What's All The Buzz About 'Deep Nostalgia'


Bhagat Singh, Marie Curie, Charles Darwin, and other historical figures were momentarily'brought back to life' via Deep Nostalgia – an AI tool released by the genealogy website, MyHeritage. Kind of surreal to take a photo of the singularly inspiring Bhagat Singh -- a revolutionary voice in 1920s India, who was hung by the British in 1931, at the age of 24 -- run it through the Heritage AI algorithm, and see him reanimated. When Ken Burns meets Deep Fake: MyHeritage is offering a tool dubbed #DeepNostalgia, meant to animate old family pictures. Holy Darwin this #deepfake is so scary, Mr. Darwin!!#DeepNostalgia Deep Nostalgia created quite a furore of late, with animated pictures of historical figures running rife in social media.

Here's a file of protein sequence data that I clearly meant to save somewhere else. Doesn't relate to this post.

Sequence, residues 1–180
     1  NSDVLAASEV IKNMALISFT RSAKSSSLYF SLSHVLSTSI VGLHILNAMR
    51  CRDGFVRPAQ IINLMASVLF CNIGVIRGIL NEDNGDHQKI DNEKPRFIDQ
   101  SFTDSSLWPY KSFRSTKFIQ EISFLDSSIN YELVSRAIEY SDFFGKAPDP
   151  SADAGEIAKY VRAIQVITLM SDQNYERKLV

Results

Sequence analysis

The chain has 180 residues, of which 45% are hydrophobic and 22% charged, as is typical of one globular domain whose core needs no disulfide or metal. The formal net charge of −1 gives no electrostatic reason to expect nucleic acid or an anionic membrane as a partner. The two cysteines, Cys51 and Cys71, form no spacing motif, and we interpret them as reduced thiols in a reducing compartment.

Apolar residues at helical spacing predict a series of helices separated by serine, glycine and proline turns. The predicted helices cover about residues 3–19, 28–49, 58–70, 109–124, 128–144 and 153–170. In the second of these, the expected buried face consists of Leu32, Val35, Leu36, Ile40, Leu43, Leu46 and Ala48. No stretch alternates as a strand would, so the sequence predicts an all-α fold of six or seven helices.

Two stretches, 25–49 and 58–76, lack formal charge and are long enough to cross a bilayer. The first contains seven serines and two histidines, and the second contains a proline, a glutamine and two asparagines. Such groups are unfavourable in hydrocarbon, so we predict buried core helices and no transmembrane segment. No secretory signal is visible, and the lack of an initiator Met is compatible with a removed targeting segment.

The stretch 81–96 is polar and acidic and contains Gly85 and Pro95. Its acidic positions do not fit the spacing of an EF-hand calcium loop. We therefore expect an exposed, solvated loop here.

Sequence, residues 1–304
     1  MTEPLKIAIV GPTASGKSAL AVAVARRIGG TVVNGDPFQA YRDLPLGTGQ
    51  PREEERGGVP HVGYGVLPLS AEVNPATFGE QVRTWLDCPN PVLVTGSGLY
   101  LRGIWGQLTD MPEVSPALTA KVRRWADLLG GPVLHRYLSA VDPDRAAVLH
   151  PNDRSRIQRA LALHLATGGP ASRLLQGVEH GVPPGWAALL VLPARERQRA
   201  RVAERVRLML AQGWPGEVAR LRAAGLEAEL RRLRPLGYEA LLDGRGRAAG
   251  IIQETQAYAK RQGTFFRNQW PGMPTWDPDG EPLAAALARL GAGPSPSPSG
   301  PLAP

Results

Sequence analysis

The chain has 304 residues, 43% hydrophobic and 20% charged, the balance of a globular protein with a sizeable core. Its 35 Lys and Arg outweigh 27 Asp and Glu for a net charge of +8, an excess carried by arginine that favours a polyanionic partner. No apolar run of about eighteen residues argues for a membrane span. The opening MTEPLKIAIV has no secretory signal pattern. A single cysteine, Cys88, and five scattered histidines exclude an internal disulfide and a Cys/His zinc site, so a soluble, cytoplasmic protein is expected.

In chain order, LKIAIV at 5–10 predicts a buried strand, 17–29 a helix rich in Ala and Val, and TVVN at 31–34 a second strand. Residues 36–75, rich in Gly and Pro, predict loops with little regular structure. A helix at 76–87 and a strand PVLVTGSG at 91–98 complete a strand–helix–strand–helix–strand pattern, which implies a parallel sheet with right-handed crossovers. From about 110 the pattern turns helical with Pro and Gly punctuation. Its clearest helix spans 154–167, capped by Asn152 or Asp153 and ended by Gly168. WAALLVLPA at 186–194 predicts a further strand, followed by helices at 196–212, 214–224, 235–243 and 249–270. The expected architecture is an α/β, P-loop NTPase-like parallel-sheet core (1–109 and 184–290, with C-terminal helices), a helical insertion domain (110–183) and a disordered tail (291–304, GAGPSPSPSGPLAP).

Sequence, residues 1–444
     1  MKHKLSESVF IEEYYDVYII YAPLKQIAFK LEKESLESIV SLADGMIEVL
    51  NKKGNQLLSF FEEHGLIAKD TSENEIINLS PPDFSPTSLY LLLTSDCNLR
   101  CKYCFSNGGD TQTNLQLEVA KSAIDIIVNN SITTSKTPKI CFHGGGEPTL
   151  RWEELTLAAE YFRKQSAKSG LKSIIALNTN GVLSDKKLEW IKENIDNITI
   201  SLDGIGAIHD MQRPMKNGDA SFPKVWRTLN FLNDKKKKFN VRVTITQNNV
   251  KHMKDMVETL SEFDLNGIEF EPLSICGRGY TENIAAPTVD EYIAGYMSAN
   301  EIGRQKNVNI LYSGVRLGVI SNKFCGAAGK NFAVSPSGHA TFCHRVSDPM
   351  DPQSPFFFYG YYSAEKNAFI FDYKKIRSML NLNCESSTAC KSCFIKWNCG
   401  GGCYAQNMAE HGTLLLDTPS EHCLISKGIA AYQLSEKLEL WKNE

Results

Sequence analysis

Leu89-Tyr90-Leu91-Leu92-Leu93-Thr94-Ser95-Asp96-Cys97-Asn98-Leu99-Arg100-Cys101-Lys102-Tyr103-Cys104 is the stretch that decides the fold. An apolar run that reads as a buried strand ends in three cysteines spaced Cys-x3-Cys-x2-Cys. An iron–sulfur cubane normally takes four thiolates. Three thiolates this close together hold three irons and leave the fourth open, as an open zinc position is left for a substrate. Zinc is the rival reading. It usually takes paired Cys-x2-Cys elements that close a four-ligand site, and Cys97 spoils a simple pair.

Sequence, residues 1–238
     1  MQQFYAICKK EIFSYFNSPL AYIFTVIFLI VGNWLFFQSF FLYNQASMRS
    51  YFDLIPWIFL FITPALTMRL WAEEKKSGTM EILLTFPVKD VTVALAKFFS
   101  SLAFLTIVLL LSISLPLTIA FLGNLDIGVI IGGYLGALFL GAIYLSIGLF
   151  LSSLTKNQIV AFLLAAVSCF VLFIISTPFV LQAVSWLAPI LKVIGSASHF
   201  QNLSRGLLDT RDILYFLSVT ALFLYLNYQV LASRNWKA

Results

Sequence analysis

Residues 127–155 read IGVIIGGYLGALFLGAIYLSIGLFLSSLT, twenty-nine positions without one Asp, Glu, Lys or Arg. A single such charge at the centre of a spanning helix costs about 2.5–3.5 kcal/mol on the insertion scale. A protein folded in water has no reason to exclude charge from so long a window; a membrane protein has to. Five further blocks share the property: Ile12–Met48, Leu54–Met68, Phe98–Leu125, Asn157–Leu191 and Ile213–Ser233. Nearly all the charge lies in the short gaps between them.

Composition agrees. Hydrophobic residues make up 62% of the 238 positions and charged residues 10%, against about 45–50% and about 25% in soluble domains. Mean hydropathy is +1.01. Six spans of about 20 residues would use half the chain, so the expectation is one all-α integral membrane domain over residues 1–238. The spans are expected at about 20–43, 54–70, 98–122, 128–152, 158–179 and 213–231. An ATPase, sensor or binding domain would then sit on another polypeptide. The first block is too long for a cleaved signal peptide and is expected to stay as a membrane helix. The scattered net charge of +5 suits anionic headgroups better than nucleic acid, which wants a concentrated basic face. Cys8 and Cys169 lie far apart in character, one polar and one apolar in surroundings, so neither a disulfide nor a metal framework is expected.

Annual index finds AI is 'industrializing' but needs better metrics and testing


China has overtaken the United States in total number of AI research citations, fewer AI startups are receiving funding, and Congress is talking about AI more than ever. Those are three major trends highlighted in the 2021 AI Index, an annual report released today by Stanford University. Now in its fourth year, the AI Index attempts to document advances in artificial intelligence, as well as the technology's impact on education, startups, and government policy. The report details progress in the performance of major subdomains of AI, like deep learning, image recognition, and object detection, as well as in areas like protein folding. The AI Index is compiled by the Stanford Institute for Human-Centered Artificial Intelligence and an 11-member steering committee, with contributors from Harvard University, OECD, the Partnership on AI, and SRI International.

Panel on artificial intelligence urges US to boost tech skills amid China's rise